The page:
Tignor is right.  Raonic knew he touched the net, but how is Raonic to know whether the touch happened before the ball was dead?   He's looking down trying to concentrate on not touching, so he can't see the ball.

    Sure, you call it if you know.   But Raonic probably didn't know.

    dayo1026_2000
    dayo1026_2000

    It's just plain bad sportsmanship.  Monfils ceded a point that went in his favor against Montanes last week, and the crowd applauded his great sportsmanship.  Roddick and Nadal have likewise made similar concessions.  Raonic exhibited bad sportsmanship.  Where is the honor in accepting a  point that you truly should not have received?  Capriati did it in 2004 against Serena and that whole fiasco lead to the challenge system.  Justine Henin lied in 2003 about raising her hand to win a point.  It says more about the character of the athlete than it does about the umpire's mistake.  That is why players like Nadal, Monfils, and Roddick are so good for the sport.  They earn their points and do not take advantage of situations that wrongfully disadvantage their opponents.

    proo
    proo

    It's not about whether he touched, it's about whether he touched before the ball went out of play. The umpire saw both events and made the call; it's not for Raonic to argue to reverse a bad call based on his own judgement. They all had the same information. There are going to be mistakes and over the long term you'd hope they'd even out. It's just unfortunate it turned out to be such an important point.

    Marg
    Marg

    Clearly should have called the net-touch on himself. That's the rule. I learned that rule 50 years ago when I started playing at age 5. I still play several,times a week and everyone I know follows that rule. You follow the rules when you are way ahead and when you behind, when you think you are going to win and when you think you are going lose.

    riles2000
    riles2000

    Seems that Tignor makes the right point.  Raonic perhaps can fairly claim that he wasn't aware initially that he touched the net while the ball was still in play.  Perhaps.  The bigger issue is whether he should have ceded the point after seeing the replay.  Can't see why he shouldn't have.  Presumably he's not as constrained as the referee is in acknowledging and accepting the replay.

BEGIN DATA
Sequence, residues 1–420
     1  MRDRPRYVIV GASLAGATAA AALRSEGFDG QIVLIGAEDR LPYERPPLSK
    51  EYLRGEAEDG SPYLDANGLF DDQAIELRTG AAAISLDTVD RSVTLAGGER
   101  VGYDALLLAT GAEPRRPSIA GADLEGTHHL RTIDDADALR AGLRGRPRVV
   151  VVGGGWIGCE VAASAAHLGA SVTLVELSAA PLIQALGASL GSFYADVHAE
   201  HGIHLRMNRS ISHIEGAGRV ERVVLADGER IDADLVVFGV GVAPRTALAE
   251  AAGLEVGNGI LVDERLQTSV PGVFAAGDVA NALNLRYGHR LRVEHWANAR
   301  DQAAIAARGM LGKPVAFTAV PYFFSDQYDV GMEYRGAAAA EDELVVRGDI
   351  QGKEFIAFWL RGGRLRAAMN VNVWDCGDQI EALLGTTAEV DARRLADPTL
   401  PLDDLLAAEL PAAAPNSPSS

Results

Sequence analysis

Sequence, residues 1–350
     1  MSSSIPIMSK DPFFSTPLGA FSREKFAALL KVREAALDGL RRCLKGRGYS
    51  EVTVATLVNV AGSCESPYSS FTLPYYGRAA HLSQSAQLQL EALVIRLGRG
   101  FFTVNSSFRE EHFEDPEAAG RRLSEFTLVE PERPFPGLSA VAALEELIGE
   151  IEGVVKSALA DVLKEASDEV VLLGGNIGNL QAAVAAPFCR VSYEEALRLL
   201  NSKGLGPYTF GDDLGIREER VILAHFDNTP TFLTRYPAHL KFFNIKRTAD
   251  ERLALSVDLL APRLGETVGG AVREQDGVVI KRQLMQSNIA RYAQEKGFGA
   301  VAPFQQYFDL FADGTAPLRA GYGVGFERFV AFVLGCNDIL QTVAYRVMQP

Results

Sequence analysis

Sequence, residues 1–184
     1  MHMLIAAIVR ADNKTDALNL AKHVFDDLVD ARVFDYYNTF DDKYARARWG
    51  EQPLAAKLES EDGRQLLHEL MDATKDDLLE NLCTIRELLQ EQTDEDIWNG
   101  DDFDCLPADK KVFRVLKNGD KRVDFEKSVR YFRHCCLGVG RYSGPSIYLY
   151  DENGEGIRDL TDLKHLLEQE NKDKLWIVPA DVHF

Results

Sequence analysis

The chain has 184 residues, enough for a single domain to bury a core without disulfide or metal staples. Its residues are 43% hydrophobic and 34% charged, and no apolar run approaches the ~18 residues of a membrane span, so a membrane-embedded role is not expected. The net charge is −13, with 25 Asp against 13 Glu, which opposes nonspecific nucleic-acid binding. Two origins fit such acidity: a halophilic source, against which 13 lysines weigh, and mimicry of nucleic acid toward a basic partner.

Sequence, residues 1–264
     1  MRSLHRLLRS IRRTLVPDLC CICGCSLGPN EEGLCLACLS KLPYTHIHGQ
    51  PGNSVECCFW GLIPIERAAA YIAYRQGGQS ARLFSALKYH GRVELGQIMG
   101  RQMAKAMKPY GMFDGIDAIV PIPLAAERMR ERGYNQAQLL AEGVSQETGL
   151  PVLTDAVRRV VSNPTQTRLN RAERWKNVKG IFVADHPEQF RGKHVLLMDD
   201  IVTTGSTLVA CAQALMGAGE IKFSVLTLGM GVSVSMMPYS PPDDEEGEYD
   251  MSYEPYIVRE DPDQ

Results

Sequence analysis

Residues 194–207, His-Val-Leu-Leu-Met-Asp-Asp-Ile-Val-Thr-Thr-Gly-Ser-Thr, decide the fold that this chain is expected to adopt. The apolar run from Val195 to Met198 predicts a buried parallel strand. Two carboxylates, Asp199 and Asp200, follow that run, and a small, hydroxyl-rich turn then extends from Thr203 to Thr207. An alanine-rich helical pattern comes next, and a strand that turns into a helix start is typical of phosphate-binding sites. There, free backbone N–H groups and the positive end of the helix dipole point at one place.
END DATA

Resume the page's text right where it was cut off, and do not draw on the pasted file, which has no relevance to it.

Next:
CM
    CM

    @RobertAng Does anyone in the ATP willfully concede more points than Djokovic? Seems unfair to drag him in, even in a similar situation. After all, he lost that point, and the match. Raonic won both.

    tennispompom
    tennispompom

    @tennisplayerfor30yrs do you really think it's OK to get the point by any means because honest and fair play doesn't apply in ATP?

    By placing greater blame on Del Potro for tweeting that he was upset by it, you're showing your flawed judgement. If you think about it a bit, I hope you'll realise just how unfair that was.

    I used to like Raonic, but he really showed himself up here for all to see. He showed just how little integrity matters to him - less than taking a single point in a game of tennis.

    Raonic could have been honest and gone on to win the match, but now he may well be tarnished for the rest of his career. I hope he thinks about it and shows remorse by apologising to the Tournament and Del Potro.

    BURKB
    BURKB

    @tennisplayerfor30yrs This is not common in tennis, I have played all of my life and have been rooked on many points, but most people I feel are honest.  I have lost matches because I have been cheated, and that was a big point, If del potro would have won that point he could have won his serve and won the set.  One point can make a difference, I don't believe the better man won.  However you look at it Raonic is dishonest and probably cheated people all the time growing up, and doesn't think anything of it.  Read the players code, its in there.